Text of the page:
URL

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URL

(computer science)

URL

URL

(Uniform Resource Locator) The address that defines the route to a file on an Internet server (Web server, mail server, etc.). URLs are typed into a Web browser to access Web pages and files, and URLs are embedded within the pages themselves as links (see hypertext).

The URL contains the protocol prefix, port number, domain name, subdirectory names and file name. If a port number is not stated in the address, port 80 is used as the default for Web traffic (HTTP traffic). See port 80 and TCP/IP port.

Downloading the Home Page
To access a home page on a website, only the protocol and domain name are required. For example, http://www.computerlanguage.com retrieves the home page of the Computer Language Company's website. HTTP is the Web protocol, and WWW.COMPUTERLANGUAGE.COM is the domain name. Browsers default to the http:// prefix so only the www.computerlanguage.com needs to be typed in. In fact, you can usually omit the WWW and dot, because most websites treat blank hostnames as "www" hostnames. Sometimes, you can even omit the .com, and the browser fills it in automatically.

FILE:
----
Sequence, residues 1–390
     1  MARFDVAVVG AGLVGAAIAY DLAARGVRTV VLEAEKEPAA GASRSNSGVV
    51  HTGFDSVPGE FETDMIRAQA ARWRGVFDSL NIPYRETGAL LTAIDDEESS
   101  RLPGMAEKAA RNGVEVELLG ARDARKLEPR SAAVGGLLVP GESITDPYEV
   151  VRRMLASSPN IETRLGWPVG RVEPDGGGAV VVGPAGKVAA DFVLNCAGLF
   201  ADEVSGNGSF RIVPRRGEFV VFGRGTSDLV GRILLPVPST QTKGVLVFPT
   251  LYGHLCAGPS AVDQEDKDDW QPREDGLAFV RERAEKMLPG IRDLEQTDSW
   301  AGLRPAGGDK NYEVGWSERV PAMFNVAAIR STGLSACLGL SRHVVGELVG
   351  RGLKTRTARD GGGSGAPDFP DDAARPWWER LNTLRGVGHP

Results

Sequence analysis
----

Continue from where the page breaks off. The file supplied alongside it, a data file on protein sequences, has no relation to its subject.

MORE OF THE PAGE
Another Web Page
If a page is not the home page, its name has to be part of the address, and a slash is used to separate it from the domain name. For example http://www.computerlanguage.com/about.htm points to the About page (about.htm file). See URL shortening.

The Full Path
If a page is stored in a subdirectory (folder within a folder), its name is also separated by a slash, and subdirectories can be several levels deep. Follow the example below:
Hypothetical URL:

 http://www.car.com/kia/used/2008.html

 This:          Is the:

 http://        protocol

 www.car.com/   domain

 kia/           subdirectory

 used/          subdirectory

 2008.html      file (Web page)



Is It a URL or a URI?


Technically, a URL is a type of uniform resource identifier (URI). Since most URIs are URLs, "URL" is the term more commonly heard. See URI.
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You can switch to batch mode if you have a lot of URLs to bundle together.
It's promised to keep the URLs going until the end of this year, but after that it's pretty much it.
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If a URL gives you an error message, try cutting the filename from the URL until only the sewer name remains in the location bar.
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bans the use of URLs, parlance for universal resource locators, in print liner ads, although advertisers are welcome to include them in display ads.